I just spent 10 days biking through wine country in Southern France. A huge group of us got together to celebrate the life of a great friend who recently defied the odds to beat a deadly cancer. He “Lance Armstrong-ed” his way back to health through biking and came back better and stronger than science predicted he could.
Attacking Mount Ventoux, the most feared portion of the Tour De France, was the original point of our biking trip. Unfortunately, I busted my knee the day before and was unable to make it up the mountain. But I did take this pic from my hotel room at the very moment my buddies summitted. Can you see them waving?
Because the other bikers I traveled with tend to ride at the speed of Lance, and I ride more at the speed of, say, a lame snail, I ended up spending a lot of hours alone checking out the scenery. Having never been to France, I didn’t know exactly what to expect. Funny thing is that upon first glance the French countryside looks a lot like, well, the San Luis Obispo countryside with its vineyards, wildflowers, and tiny rural towns. But below the surface, it’s a whole different world.
There’s something different about the air in French wine country. It’s somehow crisper, sweeter, more oxygenated. Although the trees are probably the same exact species we have here, there’s something about the way they tilt against the sky, the way the branches bend and leaves curve, that makes them appear to have been sculpted individually with an artist’s hand. Like maybe the guy who trims those shrubs at Disneyland into animal shapes took his shears to France and became a master of abstract composition. Everything in France is about aesthetics. Fruit stands are meticulously arranged. Buildings are preserved in all their ancient Roman magnificence. Even their ghettos are dazzling with perfectly pruned flowers and cobblestone streets.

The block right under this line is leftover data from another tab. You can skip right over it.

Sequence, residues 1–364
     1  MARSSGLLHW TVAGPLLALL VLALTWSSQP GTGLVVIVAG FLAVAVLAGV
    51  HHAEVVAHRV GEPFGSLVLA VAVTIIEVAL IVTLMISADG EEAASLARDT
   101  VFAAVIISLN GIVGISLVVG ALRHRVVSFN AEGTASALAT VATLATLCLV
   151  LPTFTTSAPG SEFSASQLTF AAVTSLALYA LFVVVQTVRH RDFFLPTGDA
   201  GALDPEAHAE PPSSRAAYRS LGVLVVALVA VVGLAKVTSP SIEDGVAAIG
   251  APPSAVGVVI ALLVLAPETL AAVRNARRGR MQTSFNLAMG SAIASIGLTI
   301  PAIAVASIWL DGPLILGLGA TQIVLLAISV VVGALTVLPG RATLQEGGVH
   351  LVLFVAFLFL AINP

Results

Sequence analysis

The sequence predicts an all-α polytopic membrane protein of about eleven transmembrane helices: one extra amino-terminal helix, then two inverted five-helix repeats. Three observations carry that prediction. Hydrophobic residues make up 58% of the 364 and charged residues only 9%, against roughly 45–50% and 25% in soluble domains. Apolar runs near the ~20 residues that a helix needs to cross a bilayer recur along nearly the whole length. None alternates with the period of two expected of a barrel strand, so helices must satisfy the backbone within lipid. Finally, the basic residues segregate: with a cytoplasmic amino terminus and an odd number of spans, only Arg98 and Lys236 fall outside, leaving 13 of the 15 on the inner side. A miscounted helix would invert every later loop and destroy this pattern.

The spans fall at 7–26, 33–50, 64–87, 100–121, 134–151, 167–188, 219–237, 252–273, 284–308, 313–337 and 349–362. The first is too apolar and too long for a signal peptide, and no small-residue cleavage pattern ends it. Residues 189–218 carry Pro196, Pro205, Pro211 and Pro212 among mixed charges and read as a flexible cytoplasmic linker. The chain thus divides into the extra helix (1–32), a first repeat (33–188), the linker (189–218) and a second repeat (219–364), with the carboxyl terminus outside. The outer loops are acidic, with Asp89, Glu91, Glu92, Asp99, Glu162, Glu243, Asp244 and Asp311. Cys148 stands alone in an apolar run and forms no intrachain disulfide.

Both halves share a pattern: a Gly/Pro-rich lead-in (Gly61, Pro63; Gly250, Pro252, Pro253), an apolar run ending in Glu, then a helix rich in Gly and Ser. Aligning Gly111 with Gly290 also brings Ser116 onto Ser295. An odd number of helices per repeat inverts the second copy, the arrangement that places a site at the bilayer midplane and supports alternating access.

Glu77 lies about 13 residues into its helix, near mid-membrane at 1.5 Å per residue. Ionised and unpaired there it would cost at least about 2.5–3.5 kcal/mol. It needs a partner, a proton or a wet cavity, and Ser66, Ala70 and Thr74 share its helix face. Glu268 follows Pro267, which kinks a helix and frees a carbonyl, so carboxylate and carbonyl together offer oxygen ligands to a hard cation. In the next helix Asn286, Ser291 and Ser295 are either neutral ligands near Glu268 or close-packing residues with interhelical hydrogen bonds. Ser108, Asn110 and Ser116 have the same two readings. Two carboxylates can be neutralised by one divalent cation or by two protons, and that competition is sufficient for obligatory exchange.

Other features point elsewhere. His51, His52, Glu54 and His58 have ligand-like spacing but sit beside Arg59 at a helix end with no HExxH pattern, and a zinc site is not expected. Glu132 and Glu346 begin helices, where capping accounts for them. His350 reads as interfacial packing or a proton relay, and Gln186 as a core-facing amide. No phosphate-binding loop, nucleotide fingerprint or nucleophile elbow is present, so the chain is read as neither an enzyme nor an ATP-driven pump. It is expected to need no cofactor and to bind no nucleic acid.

One day I abandoned my bike and hiked a good twelve miles alone through untouched wilderness. As I was walking through yet another endless lavender field I realized that the space was so quiet, I could not remember ever hearing such a loud quiet. No cars, no airplanes, no voices, nothing! Not even a bumblebee buzz. Normally that would creep me out. But instead it was calming and I had one of those writerly epiphany moments. When a distant rooster finally broke the silence I realized that although the setting initially appeared so familiar, it felt so completely different. It was a “feeling” type of setting.
I’ ve always been sucked into books where a moody “feeling” type setting emerges. You know, the kind where you “feel” like you are “in” it, not just being told about it. A few great examples come to mind; Twilight by Stephanie Meyer, You Shall Know Our Velocity by Dave Eggers, and Thirteen Reasons Why by Jay Asher.
I love the idea of setting as a character in itself. And while hiking I promised myself that while writing I will now and forever pay more attention to setting. Describing one’s surroundings always seemed so boring to me back in 9th grade English. But now I realize there’s more to it. Setting has to evoke a feeling. Whether it’s soothing and familiar, or uncomfortable and frightening, the right setting can make or break a book. And a vacation!